Sunday, April 28, 2013

Creating Illusion In The Turkey Woods Leads To Success

By Bob Frye

Bill Bassinger demonstrates the three-bird setup he uses when hunting
turkeys — a sitting and a standing hen out front with a jake a few feet
behind — Friday, April 26, 2013, at his Boggs Township home
When Bill Bassinger talks to kids about what it takes to be a successful turkey hunter, he offers three pieces of advice.

The first is, don't move. The second is, don't move. The third? Don't move.

Violate any of the three rules and a gobbler likely will spot you and be gone long before you can draw a bead on him, said the Kittanning man.

“Their heads just never stop, and their eyesight is just unbelievable,” Bassinger said. “They're on a swivel all the time, just looking.”

Bassinger combats that by giving suspicious gobblers something else to look for besides himself. He hunts often, if not always, with a turkey decoy or three. He's far from being alone that way.

There was a time when turkey decoys were unheard of. That's changed in more recent times, to the point now that many consider them as essential as their calls. That will be obvious again in the coming weeks — turkey season opened Saturday and continues through May 31 — when fake birds will fill the woods.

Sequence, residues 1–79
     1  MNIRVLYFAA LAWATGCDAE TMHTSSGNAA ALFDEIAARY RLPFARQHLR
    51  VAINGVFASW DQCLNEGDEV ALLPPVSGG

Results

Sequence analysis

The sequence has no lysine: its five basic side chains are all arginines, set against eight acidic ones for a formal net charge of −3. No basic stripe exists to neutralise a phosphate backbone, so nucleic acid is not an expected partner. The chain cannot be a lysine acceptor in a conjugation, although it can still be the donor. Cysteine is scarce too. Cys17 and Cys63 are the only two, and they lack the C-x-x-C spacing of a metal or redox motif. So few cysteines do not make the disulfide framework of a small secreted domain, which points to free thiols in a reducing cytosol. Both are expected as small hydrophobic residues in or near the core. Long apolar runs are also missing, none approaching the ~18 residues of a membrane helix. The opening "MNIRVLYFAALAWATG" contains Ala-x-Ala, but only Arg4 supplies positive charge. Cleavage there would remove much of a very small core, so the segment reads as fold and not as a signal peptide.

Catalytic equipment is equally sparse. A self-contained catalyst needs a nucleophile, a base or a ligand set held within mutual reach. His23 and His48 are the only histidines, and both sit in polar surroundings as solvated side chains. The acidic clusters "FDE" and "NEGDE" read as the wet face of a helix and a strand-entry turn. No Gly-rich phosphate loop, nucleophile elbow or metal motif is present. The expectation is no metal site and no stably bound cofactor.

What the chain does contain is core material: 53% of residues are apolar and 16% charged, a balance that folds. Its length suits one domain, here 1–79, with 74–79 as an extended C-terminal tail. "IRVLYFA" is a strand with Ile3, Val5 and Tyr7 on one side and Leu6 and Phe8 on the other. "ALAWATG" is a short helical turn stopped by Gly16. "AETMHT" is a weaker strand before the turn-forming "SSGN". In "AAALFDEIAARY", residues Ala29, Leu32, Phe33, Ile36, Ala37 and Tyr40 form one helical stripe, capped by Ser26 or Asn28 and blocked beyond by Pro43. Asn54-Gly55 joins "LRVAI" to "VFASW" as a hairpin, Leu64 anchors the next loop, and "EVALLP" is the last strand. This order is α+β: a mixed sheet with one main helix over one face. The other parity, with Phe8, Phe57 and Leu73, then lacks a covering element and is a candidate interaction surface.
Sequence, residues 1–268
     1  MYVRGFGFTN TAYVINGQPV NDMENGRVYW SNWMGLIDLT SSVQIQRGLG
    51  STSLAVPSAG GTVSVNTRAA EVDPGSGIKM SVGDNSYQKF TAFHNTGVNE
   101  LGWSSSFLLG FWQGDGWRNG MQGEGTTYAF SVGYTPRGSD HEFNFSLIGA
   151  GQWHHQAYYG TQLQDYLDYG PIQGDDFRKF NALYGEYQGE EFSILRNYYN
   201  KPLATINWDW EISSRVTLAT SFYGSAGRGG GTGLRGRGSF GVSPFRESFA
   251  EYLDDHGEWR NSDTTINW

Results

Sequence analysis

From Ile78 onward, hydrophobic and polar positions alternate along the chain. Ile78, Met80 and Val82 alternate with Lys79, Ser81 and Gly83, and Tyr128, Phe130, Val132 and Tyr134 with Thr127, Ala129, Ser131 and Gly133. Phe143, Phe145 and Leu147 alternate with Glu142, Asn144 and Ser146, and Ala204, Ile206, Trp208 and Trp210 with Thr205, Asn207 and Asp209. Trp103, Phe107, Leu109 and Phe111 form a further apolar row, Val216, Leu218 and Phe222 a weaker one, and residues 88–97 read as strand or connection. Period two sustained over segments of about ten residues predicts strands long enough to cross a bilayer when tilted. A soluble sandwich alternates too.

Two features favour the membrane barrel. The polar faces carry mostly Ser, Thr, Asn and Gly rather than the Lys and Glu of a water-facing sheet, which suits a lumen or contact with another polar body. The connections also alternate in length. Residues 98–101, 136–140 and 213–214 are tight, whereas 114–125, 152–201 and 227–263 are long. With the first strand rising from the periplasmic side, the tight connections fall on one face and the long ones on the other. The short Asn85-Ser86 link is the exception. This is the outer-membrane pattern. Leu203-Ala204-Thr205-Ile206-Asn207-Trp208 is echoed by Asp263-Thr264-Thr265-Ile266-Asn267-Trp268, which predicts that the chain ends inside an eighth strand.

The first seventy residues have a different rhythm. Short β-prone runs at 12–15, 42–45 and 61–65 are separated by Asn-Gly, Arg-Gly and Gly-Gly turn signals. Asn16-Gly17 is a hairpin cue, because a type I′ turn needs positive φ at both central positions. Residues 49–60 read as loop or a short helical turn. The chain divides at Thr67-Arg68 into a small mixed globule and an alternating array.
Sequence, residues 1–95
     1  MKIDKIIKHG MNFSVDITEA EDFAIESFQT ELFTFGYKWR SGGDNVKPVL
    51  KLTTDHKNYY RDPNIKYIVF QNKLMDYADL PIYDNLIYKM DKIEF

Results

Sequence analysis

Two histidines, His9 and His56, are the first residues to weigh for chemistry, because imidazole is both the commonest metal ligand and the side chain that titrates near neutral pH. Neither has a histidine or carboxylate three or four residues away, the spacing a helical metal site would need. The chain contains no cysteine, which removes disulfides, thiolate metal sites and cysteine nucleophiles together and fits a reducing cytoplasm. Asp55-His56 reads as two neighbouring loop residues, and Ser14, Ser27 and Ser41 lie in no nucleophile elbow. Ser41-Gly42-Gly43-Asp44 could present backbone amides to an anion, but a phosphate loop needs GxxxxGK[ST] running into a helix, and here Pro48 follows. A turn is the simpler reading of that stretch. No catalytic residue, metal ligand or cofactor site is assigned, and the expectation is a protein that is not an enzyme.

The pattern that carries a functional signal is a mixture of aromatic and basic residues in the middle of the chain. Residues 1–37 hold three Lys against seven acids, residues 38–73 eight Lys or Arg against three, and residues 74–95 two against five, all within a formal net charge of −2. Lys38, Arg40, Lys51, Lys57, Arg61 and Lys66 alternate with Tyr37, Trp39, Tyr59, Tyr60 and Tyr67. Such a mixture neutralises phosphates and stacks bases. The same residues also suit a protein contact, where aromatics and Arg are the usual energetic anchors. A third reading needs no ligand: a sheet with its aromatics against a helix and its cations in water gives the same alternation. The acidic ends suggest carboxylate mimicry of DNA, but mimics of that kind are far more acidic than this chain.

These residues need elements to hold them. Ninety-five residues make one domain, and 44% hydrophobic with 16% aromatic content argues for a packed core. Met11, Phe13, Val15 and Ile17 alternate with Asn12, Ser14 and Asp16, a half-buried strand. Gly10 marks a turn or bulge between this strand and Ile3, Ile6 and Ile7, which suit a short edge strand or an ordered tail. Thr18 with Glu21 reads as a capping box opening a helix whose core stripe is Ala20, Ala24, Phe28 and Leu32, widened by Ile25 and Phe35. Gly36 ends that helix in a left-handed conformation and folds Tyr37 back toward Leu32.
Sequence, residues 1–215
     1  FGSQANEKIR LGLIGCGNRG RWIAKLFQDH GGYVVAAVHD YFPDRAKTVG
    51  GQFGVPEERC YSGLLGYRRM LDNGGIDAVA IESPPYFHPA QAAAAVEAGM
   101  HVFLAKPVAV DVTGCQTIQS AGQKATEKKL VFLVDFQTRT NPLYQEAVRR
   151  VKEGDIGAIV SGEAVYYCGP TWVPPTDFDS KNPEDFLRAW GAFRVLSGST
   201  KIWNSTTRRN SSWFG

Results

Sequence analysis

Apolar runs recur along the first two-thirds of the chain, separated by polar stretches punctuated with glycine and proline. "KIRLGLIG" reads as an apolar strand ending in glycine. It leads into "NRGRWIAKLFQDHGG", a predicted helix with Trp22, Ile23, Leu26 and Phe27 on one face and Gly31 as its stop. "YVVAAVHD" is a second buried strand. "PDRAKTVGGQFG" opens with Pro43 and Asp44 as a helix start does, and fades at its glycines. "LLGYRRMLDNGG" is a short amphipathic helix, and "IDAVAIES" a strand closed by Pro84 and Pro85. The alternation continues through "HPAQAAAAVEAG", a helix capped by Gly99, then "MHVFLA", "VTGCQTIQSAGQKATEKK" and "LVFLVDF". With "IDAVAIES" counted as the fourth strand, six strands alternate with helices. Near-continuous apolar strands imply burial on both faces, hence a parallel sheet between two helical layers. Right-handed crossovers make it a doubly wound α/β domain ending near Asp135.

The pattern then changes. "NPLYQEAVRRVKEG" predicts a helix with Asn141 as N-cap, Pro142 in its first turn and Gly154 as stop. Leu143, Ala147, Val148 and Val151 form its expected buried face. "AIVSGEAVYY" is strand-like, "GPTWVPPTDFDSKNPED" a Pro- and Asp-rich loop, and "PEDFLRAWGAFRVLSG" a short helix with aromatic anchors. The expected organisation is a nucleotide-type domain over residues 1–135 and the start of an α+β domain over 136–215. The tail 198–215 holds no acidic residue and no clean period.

“If turkey hunters have an empty pocket in their turkey vest, they've got to fill it with something. Decoys are another tool that some hunters swear by,” said Kristen Giger, a project biologist for the National Wild Turkey Federation based in Warren.

They're growing more popular because they work, said Tad Brown, a Missouri turkey hunter and product developer for Flambeau Outdoors. A former guide, he and his brother made their first turkey decoy more than 25 years ago. It was a plywood silhouette of a bird, with Styrofoam glued to the sides to give the body shape and real turkey wing feathers wired to it for color.

Today, hunters can buy any and all manner of decoys, from those mimicking hens to others meant to look like jakes and mature gobblers. They come in all manner of poses, from standing to feeding to even breeding. Some are meant to elicit an aggressive or jealous response from male birds; others are meant to attract hens that might pull in a trailing gobbler.

All work best if they make birds feel comfortable, Brown said. “A decoy paints a more realistic picture of what's going on. It makes a situation look right,” Brown said. “And the better job you can do creating the illusion that everything is good, the better your chances of success.” How realistic a decoy looks is not the most important thing, Giger said.

“The idea is not for a gobbler to come in and check the decoy out too closely, though we've all seen video of birds attacking or trying to mate with decoys,” she said. “The idea is to bring a gobbler within gun range. The hope is that by the time he gets close to the decoy, you're ready to pull the trigger.”

There are tricks to making that happen.